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    Slovakia: Tatra Mountains. Go Now!

    The Tatra Mountains (pictured) form the backdrop of this rural country, whose culture is rooted in this beautiful landscape. Go Now!

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    Italy: Rome' historic buildings. Go Now!

    Crumbling buildings in Rome (pictured) only add to the atmosphere in a country where old is redefined and western civilization begins. Explore Italy!

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    Portugal: Palace of Pena. Go Now!

    Although next to the seas and made famous by trade, Portugal boasts dynamic landscapes and architecture, including the Palace of Pena (pictured) near the town of Sintra. Go to Portugal!

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    Serbia: Houses in the mountains. Go Now!

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    Armenia: Noravank Monastery. Go Now!

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    Finland: Finnish Sauna. Go Now!

    Unlike its neighbors, the Finns are unique ethnically & linguistically, but are wholly European in many other ways. Begin Your Journey!

Geography, Weather, & Wildlife of Croatia


Croatian Geography - Plitvice National Park
Plitvice National Park

Croatia is located in southeastern Europe on the Balkan Peninsula and stretches along much of the eastern Adriatic Sea coast. It is bordered by Slovenia (northwest), Bosnia & Herzegovina (south and east), Montenegro (southeast), Serbia (east), and Hungary (northeast).

Geographically, Croatia has a number of differing features. The country has an incredibly long coastline along the Adriatic Sea and this land, along with the many islands, tends to be fairly flat, but in many areas the land rises fairly quickly into hills. This coastline is ideal for cities, but due to the quickly rising hills most cities are limited in size. Further inland there are a number of mountains stretching northwest and southeast along the Bosnian border, making settlements here small. In the far northeastern part of the country, there are a number of rivers as this area is ideal for living and is home to much of the population.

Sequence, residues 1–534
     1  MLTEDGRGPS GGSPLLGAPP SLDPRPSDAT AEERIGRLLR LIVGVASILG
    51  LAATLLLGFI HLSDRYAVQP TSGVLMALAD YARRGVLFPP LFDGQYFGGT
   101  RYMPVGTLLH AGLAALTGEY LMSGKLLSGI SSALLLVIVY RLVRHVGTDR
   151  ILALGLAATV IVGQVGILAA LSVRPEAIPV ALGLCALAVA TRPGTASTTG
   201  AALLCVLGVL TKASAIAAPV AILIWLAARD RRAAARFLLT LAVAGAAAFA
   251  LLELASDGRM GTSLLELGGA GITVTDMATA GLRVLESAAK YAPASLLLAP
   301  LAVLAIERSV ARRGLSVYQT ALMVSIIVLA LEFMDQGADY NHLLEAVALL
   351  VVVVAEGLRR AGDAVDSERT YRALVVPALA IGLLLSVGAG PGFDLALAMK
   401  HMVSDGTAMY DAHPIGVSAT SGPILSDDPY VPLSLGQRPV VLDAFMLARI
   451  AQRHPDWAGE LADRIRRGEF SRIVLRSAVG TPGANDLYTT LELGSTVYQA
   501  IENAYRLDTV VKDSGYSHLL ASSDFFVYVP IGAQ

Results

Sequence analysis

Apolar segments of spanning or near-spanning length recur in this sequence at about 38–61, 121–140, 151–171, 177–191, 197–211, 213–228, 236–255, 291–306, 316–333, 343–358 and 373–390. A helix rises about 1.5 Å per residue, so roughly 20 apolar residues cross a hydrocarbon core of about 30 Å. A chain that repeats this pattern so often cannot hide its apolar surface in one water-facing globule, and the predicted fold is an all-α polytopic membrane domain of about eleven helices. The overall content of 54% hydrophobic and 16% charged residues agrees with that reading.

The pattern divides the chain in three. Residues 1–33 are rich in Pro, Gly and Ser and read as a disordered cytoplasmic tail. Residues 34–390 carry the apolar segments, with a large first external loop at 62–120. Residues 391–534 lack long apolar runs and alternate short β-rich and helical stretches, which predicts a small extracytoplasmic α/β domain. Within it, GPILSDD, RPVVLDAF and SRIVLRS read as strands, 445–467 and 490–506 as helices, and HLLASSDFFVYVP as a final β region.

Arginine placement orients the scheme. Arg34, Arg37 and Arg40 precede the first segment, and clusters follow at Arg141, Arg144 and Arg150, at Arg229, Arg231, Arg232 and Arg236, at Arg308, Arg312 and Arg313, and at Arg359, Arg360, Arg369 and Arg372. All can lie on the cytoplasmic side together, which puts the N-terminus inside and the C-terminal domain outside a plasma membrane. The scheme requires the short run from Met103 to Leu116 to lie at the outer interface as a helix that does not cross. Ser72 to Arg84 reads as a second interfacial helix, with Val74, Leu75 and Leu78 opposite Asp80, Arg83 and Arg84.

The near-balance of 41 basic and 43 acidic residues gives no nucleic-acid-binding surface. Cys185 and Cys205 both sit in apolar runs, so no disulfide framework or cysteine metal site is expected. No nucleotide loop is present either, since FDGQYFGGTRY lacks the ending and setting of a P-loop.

Croatian Geography - Path in the forest
Path in the forest

Croatia's seasons are very distinct and the coast gets an incredible amount of rain. Winters (December-February) can be cold in the mountains, but fairly temperate on the coast. Dubrovnik averages about 50˚ F (10˚ C), while Zagreb stays right around the freezing point. The mountains get a fair amount of snow, but not as much precipitation as the coasts get rain. This snow can last into May or June in the mountains.

The spring and fall (autumn) are much nicer on the coasts as temperatures are warmer, but often times the waters of the Adriatic Sea are still cool as the air temperature may follow suite.

When summers arrive the snow in the mountains should be gone and temperatures rise along the coast, with Dubrovnik boasting daily average temperatures of 78˚ F (25˚ C) and daily highs a few degrees warmer.


Despite its small size, Croatia has a huge diversity in wildlife, but that is a result of their geographic diversity. Most of their large mammals live in the mountains, including wolves, lynx, and bears. There are also sheep, goats, and hundreds of smaller mammals as well.

Along the coast there are also numerous mammals, but the birds and sea life here are what really stand out. There are hundreds of bird that live or migrate through the country including the eagle and many water fowl, including storks, pelicans, heron, and ibis. In the Adriatic there are numerous fish species, but also sea turtles and mammals like dolphins as well.

This page was last updated: March, 2013